A genetic mutation associated with childhood hereditary baldness has been identified by an US-led study. Researchers discovered a mutation in the APCDD1 gene was common to three families of Italian or Pakistani origin, who were affected by hereditary hypotrichosis simplex (HSS). This disease results in the shrinking of hair follicles and thinning of the hair - a process that also occurs in male pattern baldness.
APCDD1 inhibits the Wnt pathway - a network of proteins involved in carrying information to a cell's nucleus - that is already known to be involved in hair loss in mice. 'We have at last made a connection between Wnt signalling and human hair disease that is highly significant… This is the first mutation in a Wnt inhibitor that deregulates the pathway in a human hair disease', said Dr Angela M Christiano, who led the study at Columbia University Medical Center, New York.
The APCDD1 gene is located in a region of chromosome 18 previously associated with several forms of hair loss, including androgenetic alopecia and male pattern baldness. In both of these diseases, as in HSS, thin hair growth called 'peach fuzz' replaces long, thicker hair.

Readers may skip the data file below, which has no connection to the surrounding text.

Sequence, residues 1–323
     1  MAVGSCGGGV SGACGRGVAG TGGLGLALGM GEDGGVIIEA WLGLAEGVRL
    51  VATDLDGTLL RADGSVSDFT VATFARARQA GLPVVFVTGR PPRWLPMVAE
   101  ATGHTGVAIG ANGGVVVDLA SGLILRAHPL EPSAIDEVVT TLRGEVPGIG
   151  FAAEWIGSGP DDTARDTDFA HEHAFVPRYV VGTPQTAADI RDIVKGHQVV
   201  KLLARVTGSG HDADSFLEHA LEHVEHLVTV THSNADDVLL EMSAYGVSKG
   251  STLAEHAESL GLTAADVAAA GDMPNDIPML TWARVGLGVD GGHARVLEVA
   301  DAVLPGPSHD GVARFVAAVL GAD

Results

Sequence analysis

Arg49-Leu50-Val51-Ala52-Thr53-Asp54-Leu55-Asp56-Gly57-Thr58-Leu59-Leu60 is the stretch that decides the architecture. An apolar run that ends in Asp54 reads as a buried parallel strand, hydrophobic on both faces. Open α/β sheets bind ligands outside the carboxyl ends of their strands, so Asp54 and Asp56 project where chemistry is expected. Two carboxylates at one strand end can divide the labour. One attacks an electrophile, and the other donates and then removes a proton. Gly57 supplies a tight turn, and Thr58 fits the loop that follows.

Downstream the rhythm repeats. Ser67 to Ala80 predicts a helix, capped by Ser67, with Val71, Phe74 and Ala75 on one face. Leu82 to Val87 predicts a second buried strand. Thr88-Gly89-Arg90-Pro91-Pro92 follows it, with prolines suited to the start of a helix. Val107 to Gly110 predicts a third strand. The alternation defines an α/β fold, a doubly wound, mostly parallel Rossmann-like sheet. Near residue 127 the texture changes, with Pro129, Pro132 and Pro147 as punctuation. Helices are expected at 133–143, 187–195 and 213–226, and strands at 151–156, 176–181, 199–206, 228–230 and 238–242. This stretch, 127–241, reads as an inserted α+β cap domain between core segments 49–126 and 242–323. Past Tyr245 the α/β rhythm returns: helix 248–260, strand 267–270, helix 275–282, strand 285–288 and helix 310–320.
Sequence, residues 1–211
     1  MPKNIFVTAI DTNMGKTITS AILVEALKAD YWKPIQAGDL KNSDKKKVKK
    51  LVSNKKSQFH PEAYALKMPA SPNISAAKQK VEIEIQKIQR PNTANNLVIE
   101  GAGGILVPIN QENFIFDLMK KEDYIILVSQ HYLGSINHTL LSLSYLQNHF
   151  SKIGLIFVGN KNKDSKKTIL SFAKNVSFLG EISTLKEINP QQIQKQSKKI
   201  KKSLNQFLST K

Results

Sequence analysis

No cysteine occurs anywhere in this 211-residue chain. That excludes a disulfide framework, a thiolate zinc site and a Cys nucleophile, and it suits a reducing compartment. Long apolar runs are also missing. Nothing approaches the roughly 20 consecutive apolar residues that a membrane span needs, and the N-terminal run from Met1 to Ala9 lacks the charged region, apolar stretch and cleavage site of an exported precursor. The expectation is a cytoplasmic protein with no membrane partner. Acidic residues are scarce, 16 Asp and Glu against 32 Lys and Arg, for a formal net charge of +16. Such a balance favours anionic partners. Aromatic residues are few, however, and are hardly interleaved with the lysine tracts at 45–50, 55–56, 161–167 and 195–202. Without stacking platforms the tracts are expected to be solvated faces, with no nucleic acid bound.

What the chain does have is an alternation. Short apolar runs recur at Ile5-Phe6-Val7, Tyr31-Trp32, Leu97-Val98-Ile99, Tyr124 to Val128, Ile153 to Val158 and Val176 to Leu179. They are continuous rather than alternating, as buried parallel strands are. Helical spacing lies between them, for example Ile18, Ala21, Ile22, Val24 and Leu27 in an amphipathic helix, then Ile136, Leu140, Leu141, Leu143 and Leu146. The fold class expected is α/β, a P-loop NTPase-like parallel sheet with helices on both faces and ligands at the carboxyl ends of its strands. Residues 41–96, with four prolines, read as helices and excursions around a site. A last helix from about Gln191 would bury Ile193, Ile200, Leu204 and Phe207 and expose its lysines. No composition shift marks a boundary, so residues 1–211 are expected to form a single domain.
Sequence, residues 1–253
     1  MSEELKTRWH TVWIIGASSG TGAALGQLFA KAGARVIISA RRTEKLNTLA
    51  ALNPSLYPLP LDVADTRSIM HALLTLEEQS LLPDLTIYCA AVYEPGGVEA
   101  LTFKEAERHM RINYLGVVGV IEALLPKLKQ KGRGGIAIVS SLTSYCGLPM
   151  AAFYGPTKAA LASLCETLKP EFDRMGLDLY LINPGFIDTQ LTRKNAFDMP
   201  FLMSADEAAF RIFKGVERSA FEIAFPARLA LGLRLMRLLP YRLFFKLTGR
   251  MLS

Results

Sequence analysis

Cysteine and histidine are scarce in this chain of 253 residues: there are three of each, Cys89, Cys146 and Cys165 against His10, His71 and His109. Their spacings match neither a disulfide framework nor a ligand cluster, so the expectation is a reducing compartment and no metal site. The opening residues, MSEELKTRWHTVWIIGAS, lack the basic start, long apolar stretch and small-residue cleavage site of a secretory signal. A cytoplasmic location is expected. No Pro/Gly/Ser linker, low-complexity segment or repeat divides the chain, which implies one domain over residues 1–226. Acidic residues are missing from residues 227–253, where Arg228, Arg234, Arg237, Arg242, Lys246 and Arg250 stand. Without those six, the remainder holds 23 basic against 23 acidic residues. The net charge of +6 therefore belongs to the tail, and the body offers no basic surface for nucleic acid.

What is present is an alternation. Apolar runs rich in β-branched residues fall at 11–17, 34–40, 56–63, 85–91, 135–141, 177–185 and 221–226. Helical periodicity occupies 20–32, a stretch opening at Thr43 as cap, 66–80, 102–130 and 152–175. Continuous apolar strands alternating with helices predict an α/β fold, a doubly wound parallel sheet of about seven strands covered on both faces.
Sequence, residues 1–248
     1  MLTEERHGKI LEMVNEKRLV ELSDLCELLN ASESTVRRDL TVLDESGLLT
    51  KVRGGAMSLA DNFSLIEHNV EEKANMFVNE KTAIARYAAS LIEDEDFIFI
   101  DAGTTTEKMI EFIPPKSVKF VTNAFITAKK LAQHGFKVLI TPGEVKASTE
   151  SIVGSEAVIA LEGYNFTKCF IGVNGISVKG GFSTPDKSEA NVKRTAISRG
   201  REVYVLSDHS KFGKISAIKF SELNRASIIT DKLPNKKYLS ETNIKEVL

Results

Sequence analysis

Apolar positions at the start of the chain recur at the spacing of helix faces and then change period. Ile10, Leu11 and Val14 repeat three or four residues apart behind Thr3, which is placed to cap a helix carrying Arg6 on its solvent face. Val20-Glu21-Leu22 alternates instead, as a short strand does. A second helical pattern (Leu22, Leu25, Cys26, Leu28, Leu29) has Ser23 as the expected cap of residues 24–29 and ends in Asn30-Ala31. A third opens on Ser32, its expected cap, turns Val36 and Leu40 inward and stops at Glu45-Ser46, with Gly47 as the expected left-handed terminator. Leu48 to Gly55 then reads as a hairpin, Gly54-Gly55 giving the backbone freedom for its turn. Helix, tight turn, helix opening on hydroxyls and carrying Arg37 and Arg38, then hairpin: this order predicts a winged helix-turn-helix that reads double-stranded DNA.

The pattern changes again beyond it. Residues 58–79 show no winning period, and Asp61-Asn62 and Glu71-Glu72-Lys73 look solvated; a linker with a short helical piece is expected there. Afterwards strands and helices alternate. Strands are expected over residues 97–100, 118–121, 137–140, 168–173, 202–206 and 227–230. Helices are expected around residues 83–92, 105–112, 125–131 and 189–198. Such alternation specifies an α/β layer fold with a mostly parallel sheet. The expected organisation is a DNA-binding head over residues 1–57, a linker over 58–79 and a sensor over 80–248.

Although this latest study highlights a possible role for APCDD1 in a process common to all of these diseases, Dr Christiano said their results had limitations: 'It is important to note that while these two conditions [HSS and male pattern baldness] share the same physiologic process, the gene we discovered for hereditary hypotrichosis does not explain the complex process of male pattern baldness'.
But the study does suggest some new lines of investigation for scientists developing hair loss treatments. According to Dr Chistiano: ' manipulating the Wnt pathway may have an effect on hair follicle growth - for the first time in humans. And unlike commonly available treatments for hair loss that involve blocking hormonal pathways, treatments involving the Wnt pathway would be non-hormonal, which may enable many more people suffering from hair loss to receive such therapies'. The research was published in Nature this week.